On Dealing with Evil

On Dealing with Evil

So often we want to look down on others and think they are so reprehensible and deplorable while we are not. But we ALL are deplorables. We all are dirty rotten scoundrels (to mention another film). We all deserve eternal punishment for our sin. It is only God’s mercy and grace that makes it possible for us to avoid that.

As is usually the case, articles I write are often triggered by something I have just recently read or watched. In this case, a few days ago I had viewed part of some American true crime program on TV. The gist of it was this: a woman with four young children conspired with her lover to kill her husband and get his insurance money. They succeeded.

However, she was soon caught, tried, convicted, and sent to prison for life. Good! What a monstrous woman this was! Hating her own children and husband and happy to murder him! That of course was my immediate thought. But as a Christian I really had to quickly readjust and/or supplement my initial reaction with a few other truths. Two main biblical responses that also came directly to mind were these:

One. Yes satanic evil is alive and well. There most certainly is such a thing as evil – and evil people. We must never dismiss nor play down the reality of diabolical wickedness. It should always offend us and disgust us. We should never grow used to it nor become calloused by it. Evil is real – and it is horrible.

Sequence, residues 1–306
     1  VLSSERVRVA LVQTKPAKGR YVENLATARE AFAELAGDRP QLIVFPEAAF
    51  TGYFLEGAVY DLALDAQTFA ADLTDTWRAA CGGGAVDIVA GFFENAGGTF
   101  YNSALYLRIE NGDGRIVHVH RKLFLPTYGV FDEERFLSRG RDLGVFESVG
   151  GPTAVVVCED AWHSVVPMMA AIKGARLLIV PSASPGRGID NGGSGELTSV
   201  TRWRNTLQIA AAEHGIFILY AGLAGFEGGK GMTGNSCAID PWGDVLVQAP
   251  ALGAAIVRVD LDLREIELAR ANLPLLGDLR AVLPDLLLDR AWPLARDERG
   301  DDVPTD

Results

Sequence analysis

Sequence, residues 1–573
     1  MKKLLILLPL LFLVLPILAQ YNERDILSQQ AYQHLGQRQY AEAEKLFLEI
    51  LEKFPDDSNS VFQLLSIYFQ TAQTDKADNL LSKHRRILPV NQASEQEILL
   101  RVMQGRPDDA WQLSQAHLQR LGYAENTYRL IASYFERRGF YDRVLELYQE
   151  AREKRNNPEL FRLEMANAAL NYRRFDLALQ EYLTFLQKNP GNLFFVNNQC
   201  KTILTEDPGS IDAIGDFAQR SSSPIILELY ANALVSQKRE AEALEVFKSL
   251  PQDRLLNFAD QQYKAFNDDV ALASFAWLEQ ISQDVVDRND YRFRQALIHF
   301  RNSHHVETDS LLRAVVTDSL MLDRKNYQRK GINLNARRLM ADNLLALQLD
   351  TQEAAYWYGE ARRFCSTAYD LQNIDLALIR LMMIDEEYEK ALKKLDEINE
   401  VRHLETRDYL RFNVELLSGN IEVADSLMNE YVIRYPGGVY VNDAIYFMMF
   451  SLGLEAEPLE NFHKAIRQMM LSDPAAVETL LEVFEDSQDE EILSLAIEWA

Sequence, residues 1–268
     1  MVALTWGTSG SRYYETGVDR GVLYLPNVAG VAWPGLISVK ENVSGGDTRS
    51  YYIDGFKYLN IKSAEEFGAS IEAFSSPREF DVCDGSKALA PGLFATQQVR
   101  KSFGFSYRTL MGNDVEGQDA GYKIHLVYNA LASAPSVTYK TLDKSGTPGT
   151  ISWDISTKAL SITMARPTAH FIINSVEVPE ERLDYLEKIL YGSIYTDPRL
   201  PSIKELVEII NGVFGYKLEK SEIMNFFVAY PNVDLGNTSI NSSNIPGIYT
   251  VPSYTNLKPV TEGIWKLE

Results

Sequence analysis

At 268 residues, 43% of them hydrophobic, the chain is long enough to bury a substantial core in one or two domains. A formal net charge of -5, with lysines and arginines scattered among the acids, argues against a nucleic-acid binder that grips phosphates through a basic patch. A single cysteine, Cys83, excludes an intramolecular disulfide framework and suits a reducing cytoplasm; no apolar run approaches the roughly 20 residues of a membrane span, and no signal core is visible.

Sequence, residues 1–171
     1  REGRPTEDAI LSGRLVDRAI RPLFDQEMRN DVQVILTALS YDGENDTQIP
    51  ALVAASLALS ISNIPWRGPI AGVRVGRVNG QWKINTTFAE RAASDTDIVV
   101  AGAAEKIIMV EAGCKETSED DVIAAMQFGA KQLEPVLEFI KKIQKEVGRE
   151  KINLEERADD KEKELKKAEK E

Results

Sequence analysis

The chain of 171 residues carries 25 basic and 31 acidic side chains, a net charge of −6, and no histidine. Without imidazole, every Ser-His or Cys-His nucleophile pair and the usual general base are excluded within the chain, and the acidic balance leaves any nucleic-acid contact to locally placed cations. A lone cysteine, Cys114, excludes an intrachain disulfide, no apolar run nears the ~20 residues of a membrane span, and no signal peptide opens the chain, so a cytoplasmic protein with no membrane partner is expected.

Two. ‘There, but for the grace of God go I.’ Are we really any different? As Jesus said in the Sermon on the Mount, if I hate someone, it really is the same as murdering someone (Matthew 5:21-22). Our outward actions flow from our inner attitudes and dispositions. Thus it immediately sprang to my mind that given the right circumstances I could just as easily have done something like this.

‘But,’ you might say, ‘you would not kill your spouse and be so cavalier about your own children, would you?’ Well, the fact that I am still so often so self-centred and selfish and sinful – even as a long-standing Christian – means that I have hated them at the very least. When I fully put myself first, I am putting others last. I am not loving them as I should but hating them. And that, Jesus said, is just like murdering them.

I shared some of this on the social media recently, and then said this: “In sum, we are to hate evil with a holy passion, but we are also to look into our own hearts. And we must pray for women like this.” All these points can be expanded on at length. So let me add a bit more to each one.

First, one Christian gal asked me a somewhat surprising question. She wanted to know how I would pray for this woman. I would have thought that was rather obvious. I replied: “That she repents and gets saved.” She does not deserve this, but that is what grace is all about.

Is she an evil monster who deserves to be locked up for life? Yes. But as I just said, so are all of us. We are all capable of great evil. And usually it is just social disapproval, fear of what others might think, and so on, that keeps us from committing really gross and horrid evils.

In that sense, I have often referred to the 1993 film Falling Down starring Michael Douglas to make my point about all this. If you don’t mind, I actually like what I wrote 13 years ago about this, so let me share part of that article here:

It tells the sad story of a man who slowly lost the plot. Everything was going against him, and it took its toll.

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